Let , or in general finite dimensional -vector space. Then we define (or ) as the set of all -dimensional subspaces (which are referred to as “-planes”) of . (Of course, we assume .)

Any -plane may be represented by an matrix of rank . That is, the rows of the matrix are basis elements of the -plane . Denote the set of all matrices with rank . Then we may identify

, the orbit of group action by .

**Exercise 1.1. **Justify the above identification by showing the following statement. Any matrices and represent same -planes if and only if there exists such that .

(Hint: Show that represent the same -plane if and only if there is matrix such that for each , where denote the rows of , respectively. Let and denote the th columns of and respectively. Take the transpose to get . Thus represent the same -planes if and only if there are matrices such that and . Show that so that .)

**Exercise 1.2.** Show that .

(Hint: From the hint given for Exercise 1.1., show that for any matrices , the row spaces of coincide if and only if the column spaces of them coincide. Then for any rank matrix , we may assume that is given by augmenting an matrix on the right to a invertible matrix (i.e., an element of ). Argue that the entries of decide the dimension of the whole grassmannian.)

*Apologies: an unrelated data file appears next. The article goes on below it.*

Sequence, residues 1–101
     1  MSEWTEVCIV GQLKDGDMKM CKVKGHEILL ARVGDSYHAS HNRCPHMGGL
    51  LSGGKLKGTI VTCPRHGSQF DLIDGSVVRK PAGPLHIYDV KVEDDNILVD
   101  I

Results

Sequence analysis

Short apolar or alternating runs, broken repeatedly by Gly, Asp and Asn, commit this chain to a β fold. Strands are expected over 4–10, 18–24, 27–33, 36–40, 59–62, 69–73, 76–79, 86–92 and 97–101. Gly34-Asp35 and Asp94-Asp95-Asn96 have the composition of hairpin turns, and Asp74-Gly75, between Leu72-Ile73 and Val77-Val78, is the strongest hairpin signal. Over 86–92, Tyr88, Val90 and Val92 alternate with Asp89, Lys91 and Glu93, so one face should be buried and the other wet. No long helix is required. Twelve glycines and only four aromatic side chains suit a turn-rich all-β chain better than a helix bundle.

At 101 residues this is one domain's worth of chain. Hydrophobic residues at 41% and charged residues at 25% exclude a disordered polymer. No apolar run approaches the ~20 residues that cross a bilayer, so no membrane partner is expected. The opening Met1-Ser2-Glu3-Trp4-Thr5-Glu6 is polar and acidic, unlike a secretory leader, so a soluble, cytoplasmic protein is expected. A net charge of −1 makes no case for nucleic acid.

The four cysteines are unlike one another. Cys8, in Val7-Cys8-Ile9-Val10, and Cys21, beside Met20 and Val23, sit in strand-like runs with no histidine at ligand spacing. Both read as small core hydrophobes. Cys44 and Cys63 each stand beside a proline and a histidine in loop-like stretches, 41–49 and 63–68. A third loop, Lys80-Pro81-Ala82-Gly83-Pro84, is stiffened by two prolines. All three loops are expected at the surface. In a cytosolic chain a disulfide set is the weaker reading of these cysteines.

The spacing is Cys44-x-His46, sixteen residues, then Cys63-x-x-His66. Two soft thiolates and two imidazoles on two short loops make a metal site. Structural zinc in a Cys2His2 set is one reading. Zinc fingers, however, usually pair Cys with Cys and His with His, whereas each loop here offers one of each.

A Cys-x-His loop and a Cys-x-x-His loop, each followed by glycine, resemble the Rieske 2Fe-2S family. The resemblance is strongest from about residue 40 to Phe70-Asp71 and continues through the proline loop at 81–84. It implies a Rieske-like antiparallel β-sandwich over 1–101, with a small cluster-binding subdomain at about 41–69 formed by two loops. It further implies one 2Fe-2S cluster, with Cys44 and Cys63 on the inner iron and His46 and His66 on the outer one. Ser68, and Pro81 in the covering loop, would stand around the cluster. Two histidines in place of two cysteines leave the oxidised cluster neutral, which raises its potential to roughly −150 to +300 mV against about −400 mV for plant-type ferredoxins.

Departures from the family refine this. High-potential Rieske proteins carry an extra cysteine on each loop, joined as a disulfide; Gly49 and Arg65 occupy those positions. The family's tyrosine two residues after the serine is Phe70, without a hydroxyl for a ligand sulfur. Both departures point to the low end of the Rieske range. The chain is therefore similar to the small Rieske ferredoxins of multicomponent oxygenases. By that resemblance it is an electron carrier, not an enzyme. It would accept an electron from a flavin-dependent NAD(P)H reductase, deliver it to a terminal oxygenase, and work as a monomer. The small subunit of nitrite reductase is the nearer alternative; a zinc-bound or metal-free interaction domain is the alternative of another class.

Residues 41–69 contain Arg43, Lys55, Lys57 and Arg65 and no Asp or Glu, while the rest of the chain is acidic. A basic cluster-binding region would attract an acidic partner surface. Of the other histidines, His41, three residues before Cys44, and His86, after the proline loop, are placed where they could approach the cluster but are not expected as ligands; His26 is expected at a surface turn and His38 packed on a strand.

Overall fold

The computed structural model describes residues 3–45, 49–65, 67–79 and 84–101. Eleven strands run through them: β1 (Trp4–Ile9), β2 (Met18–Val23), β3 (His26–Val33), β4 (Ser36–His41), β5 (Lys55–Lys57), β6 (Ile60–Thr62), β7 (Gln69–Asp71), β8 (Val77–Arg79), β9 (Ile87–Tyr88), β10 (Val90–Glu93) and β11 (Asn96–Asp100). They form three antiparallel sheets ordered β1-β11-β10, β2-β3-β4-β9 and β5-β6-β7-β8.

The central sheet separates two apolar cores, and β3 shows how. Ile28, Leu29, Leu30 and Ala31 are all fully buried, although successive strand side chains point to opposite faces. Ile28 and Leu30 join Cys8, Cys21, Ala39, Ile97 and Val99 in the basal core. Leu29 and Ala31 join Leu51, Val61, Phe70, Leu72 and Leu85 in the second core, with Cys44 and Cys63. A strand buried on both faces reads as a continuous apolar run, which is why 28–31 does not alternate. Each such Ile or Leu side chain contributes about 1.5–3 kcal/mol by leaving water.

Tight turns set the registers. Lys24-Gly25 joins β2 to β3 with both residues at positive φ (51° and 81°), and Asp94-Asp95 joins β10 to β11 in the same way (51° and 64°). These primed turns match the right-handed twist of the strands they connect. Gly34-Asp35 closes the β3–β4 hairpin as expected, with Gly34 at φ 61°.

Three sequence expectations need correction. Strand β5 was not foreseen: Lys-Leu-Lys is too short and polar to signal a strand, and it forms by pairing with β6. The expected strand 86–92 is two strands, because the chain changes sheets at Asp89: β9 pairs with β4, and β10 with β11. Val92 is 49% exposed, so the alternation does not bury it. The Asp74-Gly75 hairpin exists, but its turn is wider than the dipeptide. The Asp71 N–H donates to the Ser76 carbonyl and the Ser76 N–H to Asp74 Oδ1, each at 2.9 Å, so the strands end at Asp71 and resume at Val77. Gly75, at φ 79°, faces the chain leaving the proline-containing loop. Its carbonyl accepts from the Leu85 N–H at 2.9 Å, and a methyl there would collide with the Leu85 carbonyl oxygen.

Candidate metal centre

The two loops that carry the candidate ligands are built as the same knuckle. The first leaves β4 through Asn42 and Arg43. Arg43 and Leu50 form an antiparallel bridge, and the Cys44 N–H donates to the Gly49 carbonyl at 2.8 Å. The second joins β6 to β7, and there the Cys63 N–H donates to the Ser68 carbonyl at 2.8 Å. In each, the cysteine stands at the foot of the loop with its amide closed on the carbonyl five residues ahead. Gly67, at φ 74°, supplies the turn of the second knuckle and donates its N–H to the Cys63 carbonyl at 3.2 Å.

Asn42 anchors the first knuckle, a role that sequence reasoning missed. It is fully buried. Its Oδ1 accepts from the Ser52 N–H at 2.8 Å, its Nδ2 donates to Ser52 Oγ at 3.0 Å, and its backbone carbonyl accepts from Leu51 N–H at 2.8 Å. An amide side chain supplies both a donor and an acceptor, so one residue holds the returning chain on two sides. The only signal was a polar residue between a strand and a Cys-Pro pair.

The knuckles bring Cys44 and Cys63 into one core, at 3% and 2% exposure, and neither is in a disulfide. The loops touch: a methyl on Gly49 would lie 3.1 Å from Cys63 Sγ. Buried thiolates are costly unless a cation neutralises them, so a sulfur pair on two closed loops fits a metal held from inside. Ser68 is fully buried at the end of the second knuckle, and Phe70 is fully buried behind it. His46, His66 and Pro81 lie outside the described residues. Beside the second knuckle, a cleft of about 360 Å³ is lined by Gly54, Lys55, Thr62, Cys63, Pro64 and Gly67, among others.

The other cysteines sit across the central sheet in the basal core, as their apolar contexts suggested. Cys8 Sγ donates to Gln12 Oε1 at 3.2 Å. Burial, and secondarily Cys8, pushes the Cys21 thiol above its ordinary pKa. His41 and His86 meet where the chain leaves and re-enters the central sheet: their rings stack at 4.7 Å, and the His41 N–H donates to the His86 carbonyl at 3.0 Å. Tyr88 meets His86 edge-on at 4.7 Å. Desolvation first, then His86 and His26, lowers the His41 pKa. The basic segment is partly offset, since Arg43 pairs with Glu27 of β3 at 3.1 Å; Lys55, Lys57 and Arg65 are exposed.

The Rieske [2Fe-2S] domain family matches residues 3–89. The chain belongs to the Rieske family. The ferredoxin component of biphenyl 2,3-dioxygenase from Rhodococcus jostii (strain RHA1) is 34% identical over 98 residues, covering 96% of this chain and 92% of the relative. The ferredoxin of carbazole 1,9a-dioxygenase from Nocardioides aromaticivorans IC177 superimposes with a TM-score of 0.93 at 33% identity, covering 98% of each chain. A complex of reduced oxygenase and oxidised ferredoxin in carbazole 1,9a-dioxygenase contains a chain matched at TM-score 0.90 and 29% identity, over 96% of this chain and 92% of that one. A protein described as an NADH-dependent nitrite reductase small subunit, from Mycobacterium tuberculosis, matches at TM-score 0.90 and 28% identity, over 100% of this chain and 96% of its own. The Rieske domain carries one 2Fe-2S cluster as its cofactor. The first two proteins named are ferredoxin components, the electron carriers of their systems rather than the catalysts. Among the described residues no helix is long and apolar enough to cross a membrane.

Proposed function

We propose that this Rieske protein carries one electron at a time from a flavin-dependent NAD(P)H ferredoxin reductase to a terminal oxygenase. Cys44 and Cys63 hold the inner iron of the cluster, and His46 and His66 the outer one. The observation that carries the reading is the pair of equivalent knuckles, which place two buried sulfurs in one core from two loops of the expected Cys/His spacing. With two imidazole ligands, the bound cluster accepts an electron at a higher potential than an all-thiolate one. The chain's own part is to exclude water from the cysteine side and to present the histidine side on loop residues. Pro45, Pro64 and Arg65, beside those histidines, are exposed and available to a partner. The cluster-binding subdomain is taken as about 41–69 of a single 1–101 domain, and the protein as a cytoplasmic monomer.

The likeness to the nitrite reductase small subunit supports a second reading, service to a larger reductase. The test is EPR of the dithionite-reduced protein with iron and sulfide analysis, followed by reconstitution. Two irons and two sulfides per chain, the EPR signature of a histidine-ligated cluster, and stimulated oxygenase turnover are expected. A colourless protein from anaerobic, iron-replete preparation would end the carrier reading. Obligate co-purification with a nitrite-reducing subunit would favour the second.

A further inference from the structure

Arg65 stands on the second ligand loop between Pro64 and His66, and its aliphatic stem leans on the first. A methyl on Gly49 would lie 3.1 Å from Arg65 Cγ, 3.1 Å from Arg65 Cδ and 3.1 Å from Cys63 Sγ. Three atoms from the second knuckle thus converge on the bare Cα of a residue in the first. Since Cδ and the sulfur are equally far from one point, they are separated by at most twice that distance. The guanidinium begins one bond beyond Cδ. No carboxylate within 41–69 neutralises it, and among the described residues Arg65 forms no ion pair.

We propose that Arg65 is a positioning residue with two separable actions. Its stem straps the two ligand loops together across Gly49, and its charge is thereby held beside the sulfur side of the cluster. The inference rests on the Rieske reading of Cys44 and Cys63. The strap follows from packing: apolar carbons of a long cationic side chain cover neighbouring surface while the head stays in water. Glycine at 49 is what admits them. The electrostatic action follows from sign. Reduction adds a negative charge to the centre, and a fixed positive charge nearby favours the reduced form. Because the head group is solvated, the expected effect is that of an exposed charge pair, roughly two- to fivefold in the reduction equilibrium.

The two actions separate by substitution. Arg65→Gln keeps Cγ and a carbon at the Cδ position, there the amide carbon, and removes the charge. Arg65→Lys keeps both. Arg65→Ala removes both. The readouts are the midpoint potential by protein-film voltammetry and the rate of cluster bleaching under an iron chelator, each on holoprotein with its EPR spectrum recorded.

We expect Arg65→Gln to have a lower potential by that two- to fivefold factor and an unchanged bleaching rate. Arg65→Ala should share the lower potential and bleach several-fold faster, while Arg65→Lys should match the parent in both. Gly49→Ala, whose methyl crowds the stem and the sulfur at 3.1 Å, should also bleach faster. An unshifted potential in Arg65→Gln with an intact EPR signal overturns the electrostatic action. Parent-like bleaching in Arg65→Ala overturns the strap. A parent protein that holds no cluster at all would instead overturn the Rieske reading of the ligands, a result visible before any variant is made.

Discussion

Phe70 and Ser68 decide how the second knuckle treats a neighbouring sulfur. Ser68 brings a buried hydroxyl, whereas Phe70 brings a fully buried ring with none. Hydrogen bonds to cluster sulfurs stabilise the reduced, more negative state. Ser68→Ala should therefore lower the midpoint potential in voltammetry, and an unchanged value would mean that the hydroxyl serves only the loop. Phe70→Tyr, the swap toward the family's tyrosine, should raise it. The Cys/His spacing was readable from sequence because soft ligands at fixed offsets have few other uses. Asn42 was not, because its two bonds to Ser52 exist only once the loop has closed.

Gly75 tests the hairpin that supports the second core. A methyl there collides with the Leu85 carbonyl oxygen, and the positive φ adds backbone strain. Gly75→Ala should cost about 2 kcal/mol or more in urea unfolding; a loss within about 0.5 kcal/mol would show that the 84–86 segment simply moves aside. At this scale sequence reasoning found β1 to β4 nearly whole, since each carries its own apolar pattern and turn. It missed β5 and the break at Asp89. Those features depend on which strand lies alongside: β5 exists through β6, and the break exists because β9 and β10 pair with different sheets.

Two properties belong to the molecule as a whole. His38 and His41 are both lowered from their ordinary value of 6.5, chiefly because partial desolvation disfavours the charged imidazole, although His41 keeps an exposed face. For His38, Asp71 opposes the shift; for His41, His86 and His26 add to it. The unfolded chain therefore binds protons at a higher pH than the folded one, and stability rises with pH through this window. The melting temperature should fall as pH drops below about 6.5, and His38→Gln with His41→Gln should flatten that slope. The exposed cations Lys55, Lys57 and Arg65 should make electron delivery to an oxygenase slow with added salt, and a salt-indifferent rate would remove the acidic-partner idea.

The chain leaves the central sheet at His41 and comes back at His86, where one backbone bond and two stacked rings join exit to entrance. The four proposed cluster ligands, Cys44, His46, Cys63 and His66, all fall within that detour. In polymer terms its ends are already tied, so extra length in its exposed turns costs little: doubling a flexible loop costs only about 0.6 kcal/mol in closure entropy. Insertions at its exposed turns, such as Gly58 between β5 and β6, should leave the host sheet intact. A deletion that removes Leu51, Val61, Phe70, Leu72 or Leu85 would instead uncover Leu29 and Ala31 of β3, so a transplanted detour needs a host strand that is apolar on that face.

Recall that we can projectivize a vector space as follows:

.

If then clearly . We have the identification .

**Example.** We have

.

There is another way to describe . We review the relevant linear algebra first.

Recall that is the set of alternating -multilinear functions . Given and , we define

.

That is, we have

.

**Exercise 1.3.** Show that .

**Exercise 1.4.** Let be the standard dual basis. Given and , show that , which is when and otherwise. Conclude that the set form a basis for . (In particular, we have , and of course we are assuming . If , exterior -power is just zero.)

**Convention**. Given , we have a unique dual image . Thus, if , then we write .

**Exercise 1.5.** For the standard basis , show that .

**Exercise 1.6.** Given the bases , take the matrix given by . In other words, in basis the th row of are . Show that

.

Thus if is an matrix, then

.

Now we describe in a different way. Fix any . Consider any basis . Then we have a map . If we write and , then is the matrix whose rows are . Writing , we have . Thus for any other basis , we have

.

Now define by choosing a basis since is not dependent on the choice of basis of .

More concretely, if we write . Then , where . This means that we can recognize as the space of skew-symmetric matrices:

.

Since , we have

.

The following exercise gives an intuitive picture of .

**Exercise 1.7. **Given , define . Given , show .

**Exercise 1.8.** Given an skew symmetric matrix , if is odd, then .

**Exercise 1.9. (Hard)** Given an skew symmetric matrix , if is even and , then there is a polynomial such that . This polynomial is called the **Pfaffian** of .

**Exercise 1.10.** Explain how to define the rank of elements in (Hint: use skew symmetric matrix).